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Supreme Court’s Conclusions on the Aadhaar Verdict

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This day marks a milestone for the UIDAI (Unique Identification Authority of India) and private entities that undertake Aadhaar-based eKYC services as the Supreme Court declared the verdict on the petitions challenging the constitutional validity of the Aadhaar Act. A bench consisting of Chief Justice of India Dipak Misra, Justices Sikri, Chandrachud, Bushan, and Khanwilkar declared the Aadhaar verdict ending the 38-day long hearing.

Based on the pleadings on record and the submissions raised, the Supreme Court (SC) considered that the following were the main issues that were to be considered.

(1) Whether requirement under Aadhaar Act to give one’s demographic and biometric information is violative of fundamental right of privacy ?

(2) Whether the provisions of Aadhaar Act requiring demographic and biometric information from a resident for Aadhaar number are unconstitutional and do not pass three fold test as laid down in 82 Puttaswamy case ?

(3) Whether collection of data of residents, its storage, retention and use violates fundamental right of privacy ?

(4) Whether Aadhaar Act creates an architecture for pervasive surveillance amounting to violation of fundamental right of privacy ?

(5) Whether the Aadhaar Act provides protection and safety of the data collected and received from individual ?

(6) Whether Section 7 of Aadhaar Act is unconstitutional since it requires that for purposes of establishment of identity of an individual for receipt of a subsidy, benefit or service such individual should undergo authentication or furnish proof of possession of Aadhaar number or satisfy that such person has made an application for enrolment ? Further the provision deserves to be struck down on account 83 of large number of denial of rightful claims of various marginalised section of society and down trodden?

(7) Can the State while   enlivening right to food, right to shelter etc. envisaged under Article 21 encroach upon the rights of privacy of the beneficiaries ?

(8) Whether Section 29 of the Aadhaar Act is liable to be struck down inasmuch as it permits sharing of identity information ?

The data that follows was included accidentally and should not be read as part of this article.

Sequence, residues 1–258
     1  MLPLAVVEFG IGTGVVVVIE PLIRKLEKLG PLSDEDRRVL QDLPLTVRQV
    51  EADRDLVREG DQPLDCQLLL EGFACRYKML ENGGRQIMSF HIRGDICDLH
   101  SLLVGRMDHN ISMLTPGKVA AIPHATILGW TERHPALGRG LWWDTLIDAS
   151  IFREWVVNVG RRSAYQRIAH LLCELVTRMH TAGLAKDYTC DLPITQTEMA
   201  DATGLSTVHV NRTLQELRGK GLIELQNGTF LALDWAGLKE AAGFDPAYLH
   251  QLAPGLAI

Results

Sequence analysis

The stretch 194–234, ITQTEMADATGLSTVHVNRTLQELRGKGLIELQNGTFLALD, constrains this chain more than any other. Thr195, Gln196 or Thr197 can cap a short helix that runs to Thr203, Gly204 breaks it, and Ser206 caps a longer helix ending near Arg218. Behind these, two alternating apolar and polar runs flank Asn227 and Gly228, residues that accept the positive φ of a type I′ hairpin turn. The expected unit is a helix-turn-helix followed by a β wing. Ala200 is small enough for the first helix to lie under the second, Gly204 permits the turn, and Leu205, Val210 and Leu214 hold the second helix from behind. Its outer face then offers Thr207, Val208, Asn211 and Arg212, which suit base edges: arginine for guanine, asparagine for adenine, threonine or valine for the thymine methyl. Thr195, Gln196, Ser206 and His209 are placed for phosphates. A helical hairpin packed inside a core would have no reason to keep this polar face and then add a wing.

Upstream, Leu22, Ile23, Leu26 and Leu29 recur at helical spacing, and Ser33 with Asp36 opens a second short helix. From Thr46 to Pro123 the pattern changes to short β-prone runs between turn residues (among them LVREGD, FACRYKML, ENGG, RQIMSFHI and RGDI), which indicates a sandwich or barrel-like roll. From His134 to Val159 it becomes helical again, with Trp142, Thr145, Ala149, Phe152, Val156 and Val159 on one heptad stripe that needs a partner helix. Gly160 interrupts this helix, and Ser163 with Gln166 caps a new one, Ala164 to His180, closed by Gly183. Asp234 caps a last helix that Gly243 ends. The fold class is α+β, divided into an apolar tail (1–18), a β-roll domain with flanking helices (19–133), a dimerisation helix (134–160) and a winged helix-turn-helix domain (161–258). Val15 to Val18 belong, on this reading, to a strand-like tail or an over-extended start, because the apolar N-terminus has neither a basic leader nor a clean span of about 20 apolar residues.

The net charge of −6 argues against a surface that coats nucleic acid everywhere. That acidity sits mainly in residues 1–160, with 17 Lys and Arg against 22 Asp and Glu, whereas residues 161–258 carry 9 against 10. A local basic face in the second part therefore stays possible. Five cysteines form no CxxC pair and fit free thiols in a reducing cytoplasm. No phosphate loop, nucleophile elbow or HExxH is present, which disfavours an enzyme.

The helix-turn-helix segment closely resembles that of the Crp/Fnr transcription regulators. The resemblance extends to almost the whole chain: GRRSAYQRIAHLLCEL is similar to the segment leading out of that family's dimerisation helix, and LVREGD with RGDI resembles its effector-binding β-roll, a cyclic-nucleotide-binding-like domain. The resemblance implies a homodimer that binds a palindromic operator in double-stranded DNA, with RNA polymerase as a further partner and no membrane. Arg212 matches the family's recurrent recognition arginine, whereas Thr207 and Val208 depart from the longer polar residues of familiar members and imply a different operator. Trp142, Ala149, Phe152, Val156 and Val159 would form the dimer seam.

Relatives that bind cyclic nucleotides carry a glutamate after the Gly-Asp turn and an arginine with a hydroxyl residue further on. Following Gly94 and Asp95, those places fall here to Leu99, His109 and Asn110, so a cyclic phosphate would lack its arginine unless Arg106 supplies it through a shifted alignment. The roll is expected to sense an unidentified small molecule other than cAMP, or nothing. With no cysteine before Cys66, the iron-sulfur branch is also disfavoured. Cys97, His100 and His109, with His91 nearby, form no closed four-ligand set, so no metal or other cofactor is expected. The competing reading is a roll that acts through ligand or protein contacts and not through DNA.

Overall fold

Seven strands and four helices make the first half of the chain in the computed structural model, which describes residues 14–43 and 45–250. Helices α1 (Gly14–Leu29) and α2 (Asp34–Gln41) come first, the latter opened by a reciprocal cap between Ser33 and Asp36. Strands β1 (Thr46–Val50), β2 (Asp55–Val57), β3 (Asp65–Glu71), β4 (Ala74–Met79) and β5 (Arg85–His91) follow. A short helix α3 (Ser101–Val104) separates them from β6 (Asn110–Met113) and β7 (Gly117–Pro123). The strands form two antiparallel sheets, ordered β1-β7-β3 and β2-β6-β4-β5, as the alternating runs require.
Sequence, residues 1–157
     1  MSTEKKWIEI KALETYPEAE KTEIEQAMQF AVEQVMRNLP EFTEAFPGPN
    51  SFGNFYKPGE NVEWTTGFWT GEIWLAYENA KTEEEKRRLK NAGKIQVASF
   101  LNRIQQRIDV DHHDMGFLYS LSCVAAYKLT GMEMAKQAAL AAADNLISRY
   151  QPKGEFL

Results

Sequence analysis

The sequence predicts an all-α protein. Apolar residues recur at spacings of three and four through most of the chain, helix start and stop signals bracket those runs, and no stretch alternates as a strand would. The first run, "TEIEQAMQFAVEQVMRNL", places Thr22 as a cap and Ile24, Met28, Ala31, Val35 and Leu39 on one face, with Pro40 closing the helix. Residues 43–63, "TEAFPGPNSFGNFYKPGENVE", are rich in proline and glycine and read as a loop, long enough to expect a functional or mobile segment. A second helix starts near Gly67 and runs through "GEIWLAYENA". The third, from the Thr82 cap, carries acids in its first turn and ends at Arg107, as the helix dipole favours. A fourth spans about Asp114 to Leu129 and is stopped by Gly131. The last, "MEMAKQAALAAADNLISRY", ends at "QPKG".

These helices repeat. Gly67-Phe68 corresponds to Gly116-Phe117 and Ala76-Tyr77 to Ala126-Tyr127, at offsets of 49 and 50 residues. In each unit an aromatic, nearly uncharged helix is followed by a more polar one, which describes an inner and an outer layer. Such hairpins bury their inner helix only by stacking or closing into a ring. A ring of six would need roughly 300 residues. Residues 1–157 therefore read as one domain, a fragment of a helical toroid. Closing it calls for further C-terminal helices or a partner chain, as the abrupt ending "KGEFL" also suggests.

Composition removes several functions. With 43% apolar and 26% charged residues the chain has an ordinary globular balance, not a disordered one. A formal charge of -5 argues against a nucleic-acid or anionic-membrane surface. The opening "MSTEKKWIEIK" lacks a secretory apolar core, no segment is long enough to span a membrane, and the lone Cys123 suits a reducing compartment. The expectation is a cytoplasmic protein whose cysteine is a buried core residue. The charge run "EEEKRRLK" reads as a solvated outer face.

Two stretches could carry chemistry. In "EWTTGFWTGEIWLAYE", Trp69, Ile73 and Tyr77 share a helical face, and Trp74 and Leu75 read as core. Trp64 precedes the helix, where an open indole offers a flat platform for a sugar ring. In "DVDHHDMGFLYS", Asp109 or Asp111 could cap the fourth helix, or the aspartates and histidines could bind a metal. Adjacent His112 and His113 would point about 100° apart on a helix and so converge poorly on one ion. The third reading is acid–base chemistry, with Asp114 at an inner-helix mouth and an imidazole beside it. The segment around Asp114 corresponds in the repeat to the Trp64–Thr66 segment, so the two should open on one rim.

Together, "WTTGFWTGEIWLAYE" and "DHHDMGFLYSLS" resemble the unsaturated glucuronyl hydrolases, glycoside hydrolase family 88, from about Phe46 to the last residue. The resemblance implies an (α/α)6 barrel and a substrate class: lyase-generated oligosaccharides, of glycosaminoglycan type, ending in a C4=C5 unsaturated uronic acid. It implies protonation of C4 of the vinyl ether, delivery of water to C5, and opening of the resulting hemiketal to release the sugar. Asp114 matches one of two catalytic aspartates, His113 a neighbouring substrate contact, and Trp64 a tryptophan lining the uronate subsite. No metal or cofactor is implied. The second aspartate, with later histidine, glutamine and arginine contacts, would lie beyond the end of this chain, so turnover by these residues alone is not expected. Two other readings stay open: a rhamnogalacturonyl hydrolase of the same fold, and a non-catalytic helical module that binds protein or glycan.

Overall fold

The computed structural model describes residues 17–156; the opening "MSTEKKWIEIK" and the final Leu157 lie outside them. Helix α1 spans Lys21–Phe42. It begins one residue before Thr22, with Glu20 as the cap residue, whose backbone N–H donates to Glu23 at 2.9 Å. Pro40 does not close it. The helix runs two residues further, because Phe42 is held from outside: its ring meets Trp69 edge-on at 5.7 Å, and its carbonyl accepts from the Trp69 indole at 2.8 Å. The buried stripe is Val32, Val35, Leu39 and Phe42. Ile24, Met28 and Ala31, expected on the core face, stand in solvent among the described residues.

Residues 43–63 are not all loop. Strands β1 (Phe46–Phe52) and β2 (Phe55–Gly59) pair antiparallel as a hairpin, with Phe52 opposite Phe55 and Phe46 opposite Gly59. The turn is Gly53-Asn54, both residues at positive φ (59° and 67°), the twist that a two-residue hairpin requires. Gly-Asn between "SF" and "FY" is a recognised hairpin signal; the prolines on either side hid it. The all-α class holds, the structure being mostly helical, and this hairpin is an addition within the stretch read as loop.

(9) Whether Section 33 is unconstitutional inasmuch as it provides for the use of Aadhaar data base for Police investigation, which violates the protection against self­incrimination as enshrined under Article 20(3) of the Constitution of India ?

(10) Whether Section 47 of Aadhaar Act is unconstitutional inasmuch as it does not allow an individual who finds that there is a 84 violation of Aadhaar Act to initiate a criminal process ?

(11) Whether Section 57 of Aadhaar Act which allows an unrestricted extension of Aadhaar information of an individual for any purpose whether by the State or any body, corporate or person pursuant to any law or contact is unconstitutional ?

(12) Whether Section 59 is capable of validating all actions taken by the Central Government under notification dated 28.01.2009 or under notification dated 12.09.2015 and all such actions can be deemed to be taken under the Aadhaar Act?

(13) Whether Aadhaar Act is unconstitutional since it collects the identity information of children between 5 to 18 years without parental consent ?

(14) Whether Rule 9 as amended by PMLA (Second Amendment) Rules, 2017 is unconstitutional being violative of Article 14, 85 of Constitution of India and Section 3,7, 51 of Aadhaar Act. Further, whether Rule 9 is ultra vires to the PMLA Act, 2002. itself.

(15) Whether circular dated 23.02.2017 issued by the Department of Telecommunications, Government of India is ultra vires.

(16) Whether Aadhaar Act could not have been passed as Money Bill ? Further, whether the decision of Speaker of Lok Sabha certifying the Aadhaar (Targeted Delivery of Financial and other Subsidies, Benefits and Services) Bill, 2016 as Money Bill is subject to judicial review ?

17)   Whether Section 139­AA of the Income Tax Act, 1961 is unconstitutional in view of the Privacy judgment in Puttaswamy case?

(18)   Whether Aadhaar Act violates the Interim Orders passed by this Court in Writ Petition (C) No. 494 of 2012 & other connected cases?

The Aadhaar judgement concludes that:

We are of the view that most of the apprehensions of the petitioners stand assuaged with the treatment which is given by us to some of the provisions. Some of these are already discussed above and some provisions are debated in the next issue. Summary thereof, however, can be given hereunder:

(a) Authentication records are not to be kept beyond a period of six months, as stipulated in Regulation 27(1) of the Authentication Regulations. This provision which permits records to be archived for a period of five years is held to be bad in law.

(b) Metabase relating to transaction, as provided in Regulation 26 of the aforesaid Regulations in the present form, is held to be impermissible, which needs suitable amendment.

(c) Section 33 of the Aadhaar Act is read down by clarifying that an individual, whose information is sought to be released, shall be afforded an opportunity of hearing.

(d) Insofar as Section 33(2) of the Act in the present form is concerned, the same is struck down.

(e) That portion of Section 57 of the Aadhaar Act which enables body corporate and individual to seek authentication is held to be unconstitutional. Writ Petition (Civil) No. 494 of 2012 & connected matters Page 293 of 567

(f) We have also impressed upon the respondents, as the discussion hereinafter would reveal, to bring out a robust data protection regime in the form of an enactment on the basis of Justice B.N. Srikrishna (Retd.) Committee Report with necessary modifications thereto as may be deemed appropriate.

26 Sep, 18

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